This guest blog post was written by Claire W., Associate Design Director at American Eagle Outfitters. Claire participated in SCA’s Alternative Spring Break this March with college students from across the country.
|Claire makes the drive to Joshua Tree National Park|
As I navigated the winding dirt roads of the Mojave in my totally impractical rented white sports car, my stomach was in knots. The directions read “pass a cluster of rocks and turn right at the first unmarked gate.” I’m used to Hopstop telling me which subway exit to take – how on earth would I find my fellow conservation volunteers in the middle of a desert?
Some quick background: I’m a CAD designer by trade, based in New York City. I work for American Eagle Outfitters, which annually sponsors the Student Conservation Association’s Alternative Spring Break. I am also an avid volunteer, and my company decided to recognize my community service by sending me to Joshua Tree National Park where I joined a group of college students who chose to restore a fire-damaged section of Joshua Tree National Park rather than burn themselves in the Mexican sun.
Just after dawn and a few tours of the wrong unmarked roads, I finally stumbled across base camp and quickly joined a huddle of young women and men planning the day’s activities. Next thing I knew, we were doing yoga poses to limber up for our work day. Doing a sun salutation was an entirely different experience at Joshua Tree. Standing below stunning rock formations, my face was warmed by the actual sun, and although it wasn’t easy twisting into a human pretzel in long johns and jeans, it was refreshing not to be crammed into a sweaty studio with high-strung New Yorkers adjusting their yoga mats to accommodate inconsiderate latecomers.
I’d prepped for weeks with my personal trainer—flipping tractor tires, swinging sledgehammers, running with a sandbag on my shoulders – but nothing could have prepared me for carrying pick axes and a backpack loaded with water up a steep hill in eighty degree heat. Hiking for me means ascending the subway escalators in heels, and I was too embarrassed to admit that I didn’t really know what to do. So I swiftly donned my fresh-out-of-the-box boots (green suede, sweater-lined, very chic) and followed my crew mates up the trail.
|Claire models her Joshua tree planting gear|
Conquering my fear of heights and deadly weapons, I grabbed a pick and set about digging holes – not as easy as one might imagine on a steep slope where the arid soil is more like solid rock. We’d plant baby Joshua Trees between two plastic tubes that houses gelatinous, sticky “dry water” that would feed the seedlings for up to two years. We then encircled each plant in a chicken wire cage, or “manicure killers” as I like to call them, and numbered them for the Park Service to track in future years.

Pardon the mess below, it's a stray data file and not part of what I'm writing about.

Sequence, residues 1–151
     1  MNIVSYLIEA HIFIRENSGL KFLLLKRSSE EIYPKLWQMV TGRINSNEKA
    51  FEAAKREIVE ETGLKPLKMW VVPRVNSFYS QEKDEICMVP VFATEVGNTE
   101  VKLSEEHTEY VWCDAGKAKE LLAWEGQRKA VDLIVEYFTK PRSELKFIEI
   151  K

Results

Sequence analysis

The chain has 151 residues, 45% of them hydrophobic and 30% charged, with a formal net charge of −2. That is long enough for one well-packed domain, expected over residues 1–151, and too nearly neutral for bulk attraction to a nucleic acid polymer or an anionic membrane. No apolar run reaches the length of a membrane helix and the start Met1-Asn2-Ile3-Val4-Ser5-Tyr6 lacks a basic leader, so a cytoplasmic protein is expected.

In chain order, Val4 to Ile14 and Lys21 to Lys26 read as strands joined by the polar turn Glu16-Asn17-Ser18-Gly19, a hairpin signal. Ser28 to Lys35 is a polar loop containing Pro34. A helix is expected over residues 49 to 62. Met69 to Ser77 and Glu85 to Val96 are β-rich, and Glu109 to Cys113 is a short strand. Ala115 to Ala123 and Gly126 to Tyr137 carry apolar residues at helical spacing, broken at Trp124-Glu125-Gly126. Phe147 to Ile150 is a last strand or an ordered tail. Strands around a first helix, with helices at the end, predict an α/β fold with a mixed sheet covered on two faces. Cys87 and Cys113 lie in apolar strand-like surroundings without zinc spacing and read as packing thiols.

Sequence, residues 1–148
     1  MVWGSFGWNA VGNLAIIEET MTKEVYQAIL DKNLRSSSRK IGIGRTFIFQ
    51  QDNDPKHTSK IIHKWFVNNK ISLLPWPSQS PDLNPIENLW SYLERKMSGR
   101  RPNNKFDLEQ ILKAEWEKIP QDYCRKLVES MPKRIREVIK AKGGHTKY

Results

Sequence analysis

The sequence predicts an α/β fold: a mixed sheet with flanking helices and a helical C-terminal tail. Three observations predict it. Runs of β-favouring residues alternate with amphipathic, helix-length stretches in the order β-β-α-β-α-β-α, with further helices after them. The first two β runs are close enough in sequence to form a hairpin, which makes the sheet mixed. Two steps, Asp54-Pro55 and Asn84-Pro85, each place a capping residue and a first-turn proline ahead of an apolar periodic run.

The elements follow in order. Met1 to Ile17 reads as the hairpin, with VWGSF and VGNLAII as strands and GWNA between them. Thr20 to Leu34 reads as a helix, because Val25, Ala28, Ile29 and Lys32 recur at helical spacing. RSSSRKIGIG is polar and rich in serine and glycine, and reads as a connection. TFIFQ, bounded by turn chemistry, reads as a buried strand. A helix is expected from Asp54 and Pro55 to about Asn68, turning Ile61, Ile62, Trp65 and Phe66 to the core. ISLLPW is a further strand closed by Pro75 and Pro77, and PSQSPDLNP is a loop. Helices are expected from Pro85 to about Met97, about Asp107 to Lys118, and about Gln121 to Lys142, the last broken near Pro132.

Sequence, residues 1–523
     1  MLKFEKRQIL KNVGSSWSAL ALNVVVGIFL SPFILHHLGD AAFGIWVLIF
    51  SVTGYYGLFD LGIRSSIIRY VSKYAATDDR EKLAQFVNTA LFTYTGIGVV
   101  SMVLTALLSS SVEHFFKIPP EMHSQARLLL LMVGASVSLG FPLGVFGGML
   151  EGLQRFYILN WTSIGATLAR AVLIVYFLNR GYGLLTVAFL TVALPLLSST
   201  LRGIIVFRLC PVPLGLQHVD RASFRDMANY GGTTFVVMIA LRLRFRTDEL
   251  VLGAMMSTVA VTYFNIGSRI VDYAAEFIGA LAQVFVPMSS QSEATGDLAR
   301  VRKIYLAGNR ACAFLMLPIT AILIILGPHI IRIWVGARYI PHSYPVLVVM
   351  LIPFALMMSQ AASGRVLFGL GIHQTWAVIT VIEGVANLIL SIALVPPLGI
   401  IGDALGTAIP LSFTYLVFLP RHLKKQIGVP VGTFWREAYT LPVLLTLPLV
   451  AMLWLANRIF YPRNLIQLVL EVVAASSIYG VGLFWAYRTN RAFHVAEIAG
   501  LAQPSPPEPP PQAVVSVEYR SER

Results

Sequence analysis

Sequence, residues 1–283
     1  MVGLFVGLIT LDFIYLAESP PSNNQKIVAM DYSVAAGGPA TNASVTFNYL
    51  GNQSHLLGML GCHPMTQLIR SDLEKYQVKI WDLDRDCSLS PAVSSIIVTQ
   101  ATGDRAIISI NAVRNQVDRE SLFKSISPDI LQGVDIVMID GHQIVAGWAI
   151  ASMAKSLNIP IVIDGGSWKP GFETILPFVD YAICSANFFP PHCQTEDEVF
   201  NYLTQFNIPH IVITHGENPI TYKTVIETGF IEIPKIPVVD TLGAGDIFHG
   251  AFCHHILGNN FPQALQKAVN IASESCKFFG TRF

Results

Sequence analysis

Thirty of us planted 200 trees in just two days. We were covered in dirt and dust, and while the sun was relentless, so were our spirits. We had been part of something really worthwhile, as in 20 years’ time the scorched terrain will look just as verdant as the surrounding hills. I ate lunch on a huge rock instead of in front of my PC, and for the first time in my life I nibbled on trail mix in an appropriate surrounding.
In subsequent days, we removed invasive weeds from a basin (I can now pick the evil Sahara mustard plant from a police line-up) and wandered the landscape in search of desert tortoises as part of a wildlife survey. I also pulled a cactus spike from a student’s leg, watch giant-eared rabbits race every which way, and successfully avoided the wrong end of numerous scorpions. Never again will I complain about the lack of bathrooms in New York when, for a week, it was just me and some bushes…and the occasional rattlesnake.
|Claire admires the newly planted Joshua Trees|
As my only prior knowledge of this region came from Road Runner cartoons and Saturday afternoon westerns, I was amazed by the desert’s diversity. I had no idea so many plants could flourish in this unique ecosystem. I was also surprised by the variety of backgrounds among the student volunteers; I expected to be the only textile designer, but sort of thought everyone else would be a geology major or environmental scientist. In fact, most weren’t there to pursue their studies. The majority of my new-found friends just wanted to give back. It was inspiring to be surrounded by a group of people who, despite looming finals, had chosen a different path. We are known as a generation of materialistic consumers, and purveyors of instant gratification, but my team’s selfless and painstaking efforts on behalf of this all-but-alien place left a deep and lasting impression.
Gazing up each night at constellations undimmed by city lights and waking up each morning with only the sunrise as my alarm clock was truly magical. No Facebook updates boasting of my travels, no gift shops in which to consume – just sheer, hard work in the pursuit of positive change.
I am extremely grateful to my employers for allowing me the freedom and opportunity to walk the walk. It would have been much easier for them to donate a few tee shirts or make an additional contribution. However, I would never have been exposed to the fantastic work that the National Park Service and SCA undertake every day. I came away with a renewed commitment to get back to nature, and even though I’m back to wearing dresses and heels to work, my hiking boots are waiting by the front door, facing a special place that’s 3,000 miles away yet never far from my heart.